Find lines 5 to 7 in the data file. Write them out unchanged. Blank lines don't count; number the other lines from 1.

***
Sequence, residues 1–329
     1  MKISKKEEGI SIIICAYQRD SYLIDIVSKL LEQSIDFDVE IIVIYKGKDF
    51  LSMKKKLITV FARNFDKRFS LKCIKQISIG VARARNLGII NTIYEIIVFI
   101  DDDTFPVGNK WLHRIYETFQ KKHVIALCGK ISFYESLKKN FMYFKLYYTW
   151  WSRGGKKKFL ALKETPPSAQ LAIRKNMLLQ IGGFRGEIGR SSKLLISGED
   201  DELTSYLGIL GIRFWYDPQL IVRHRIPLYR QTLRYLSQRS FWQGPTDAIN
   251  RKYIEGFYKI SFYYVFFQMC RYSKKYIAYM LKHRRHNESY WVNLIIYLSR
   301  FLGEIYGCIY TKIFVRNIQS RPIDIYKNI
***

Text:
   151  WSRGGKKKFL ALKETPPSAQ LAIRKNMLLQ IGGFRGEIGR SSKLLISGED
   201  DELTSYLGIL GIRFWYDPQL IVRHRIPLYR QTLRYLSQRS FWQGPTDAIN
   251  RKYIEGFYKI SFYYVFFQMC RYSKKYIAYM LKHRRHNESY WVNLIIYLSR